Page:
Mr. Touhig: The following table shows the strength of the individual battalions of The Parachute Regiment compared to the Infantry element of the establishment as at 1 December 2005.
1st Battalion of The Parachute Regiment490580-90
2nd Battalion of The Parachute Regiment510580-70
3rd Battalion Of The Parachute Regiment510580-70

1. The figures quoted are as at 1 December 2005 and are for UK regular trained Army officers and soldiers only and therefore exclude mobilised reserves, full-time reserve service and other reserves.
2. Strength totals for the 2nd Battalion include 90 soldiers on detachment with The Royal Scots Dragoon Guards.
3. The establishment figures include only the infantry posts and exclude attached personnel of other arms and services such as chefs, clerks etc.
4. The strength figures do not include officers and soldiers in The Parachute Regiment that are serving outside the battalion, or personnel from other capbadges that are attached to the battalion. The officer element excludes personnel with the rank of colonel and above.
5. Figures are rounded to the nearest 10.

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In addition to those Parachute Regiment personnel serving with the battalions there are 480 (excluding colonels and above) members of the regiment posted elsewhere.

Public and Commercial Services Union

Lady Hermon: To ask the Secretary of State for Defence what (a) representations he has received and (b) meetings he has had with (i) representatives from the Public and Commercial Services Union and (ii) other interested groups in relation to job cuts and outsourcing of functions in his Department in Northern Ireland. [46795]

Mr. Ingram [holding answer 31 January 2006]: Representations have been made to Defence Ministers in writing and at meetings. In 2002, the trade unions tabled a claim for enhanced redundancy compensation for any MOD civil servants in Northern Ireland made redundant as a result of the peace process. A delegation of TU representatives from TGWU, GMB, AMICUS, TGWC, PCS and Prospect met with me in London in December 2004 and I met other TU representatives (GMB, Prospect, TGWU, PCS, JCC and AMICUS) in Northern Ireland in November 2005.

There has also been correspondence from a number of Members of Parliament on the same issue.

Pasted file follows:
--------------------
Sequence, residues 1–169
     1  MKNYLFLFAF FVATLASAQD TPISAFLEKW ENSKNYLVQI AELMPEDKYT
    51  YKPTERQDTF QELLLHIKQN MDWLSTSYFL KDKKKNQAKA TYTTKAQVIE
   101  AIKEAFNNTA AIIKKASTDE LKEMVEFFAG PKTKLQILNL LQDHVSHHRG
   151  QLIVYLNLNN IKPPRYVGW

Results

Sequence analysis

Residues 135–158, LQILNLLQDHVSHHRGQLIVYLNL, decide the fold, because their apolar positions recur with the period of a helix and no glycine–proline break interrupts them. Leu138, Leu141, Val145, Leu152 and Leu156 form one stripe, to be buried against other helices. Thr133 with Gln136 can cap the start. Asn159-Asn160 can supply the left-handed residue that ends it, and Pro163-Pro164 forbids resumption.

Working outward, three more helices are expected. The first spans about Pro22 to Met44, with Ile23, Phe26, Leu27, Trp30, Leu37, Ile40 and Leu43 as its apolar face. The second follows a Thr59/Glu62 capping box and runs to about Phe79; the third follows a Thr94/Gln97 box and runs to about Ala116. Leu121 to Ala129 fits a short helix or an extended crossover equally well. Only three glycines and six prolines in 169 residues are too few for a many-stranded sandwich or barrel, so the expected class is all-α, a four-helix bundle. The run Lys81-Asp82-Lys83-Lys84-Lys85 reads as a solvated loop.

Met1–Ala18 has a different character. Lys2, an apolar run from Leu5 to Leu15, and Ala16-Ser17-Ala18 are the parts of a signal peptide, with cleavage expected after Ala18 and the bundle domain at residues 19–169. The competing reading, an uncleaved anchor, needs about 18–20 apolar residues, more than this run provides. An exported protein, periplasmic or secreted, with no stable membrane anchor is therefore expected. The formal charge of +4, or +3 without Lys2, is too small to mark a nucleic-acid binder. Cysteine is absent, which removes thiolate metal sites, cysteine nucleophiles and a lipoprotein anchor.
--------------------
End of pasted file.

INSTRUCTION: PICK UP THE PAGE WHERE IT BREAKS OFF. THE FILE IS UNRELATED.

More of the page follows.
Mr. Gerald Howarth: To ask the Secretary of State for Defence what safeguards he has put in place to ensure that intellectual property developed by Qinetiq remains in the UK following that company's flotation. [44157]

John Reid: In common with other companies which carry out MOD-funded research, ownership of intellectual property generated as a result of MOD contracts remains with QinetiQ, although MOD has free rights to such information for its own use, or for use by its contractors for defence and security purposes. The MOD also has rights to disclose such information to other governments for international co-operation purposes.

Should QinetiQ wish to use UK government-funded intellectual property in programmes with overseas governments or contractors, arrangements exist, established in July 2001, which allow MOD to prevent transactions that it judges would cause an unmanageable conflict of interest or
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otherwise be contrary to the defence or security interests of the UK. These arrangements will remain in place after the initial public offering in QinetiQ. QinetiQ is also subject to the same security and export controls as any other UK company.

Mr. Gerald Howarth: To ask the Secretary of State for Defence whether he plans to ease the restrictions on QinetiQ's involvement in defence manufacturing. [44158]

John Reid: When QinetiQ became a company in July 2001, the Ministry of Defence (MOD) put in place a range of measures to ensure that the company did not undertake activities that could cause an unmanageable conflict of interest affecting its ability to carry out work for MOD customers.

In addition, the MOD had a separate right to require QinetiQ to seek our specific approval if it wished to carry out certain defence manufacturing activities which might also cause a conflict of interest. In reviewing the operation of the compliance regime, the Department has concluded that the existence of this additional approvals process on top of the wider conflict of interest protections has caused some confusion, and that there is scope for simplifying the regime. Consequently, the MOD has agreed with the company that the separate defence manufacturing approvals process will be removed from 1 April 2008, by which date the MOD willbe in a position to open its research programme tofull competition, potentially providing greater opportunities for the rest of industry to bid for work and increasing the options available to MOD customers. This change will not affect the level of protection available to customers who will exercise their rights through the wider provisions contained elsewhere in the compliance regime.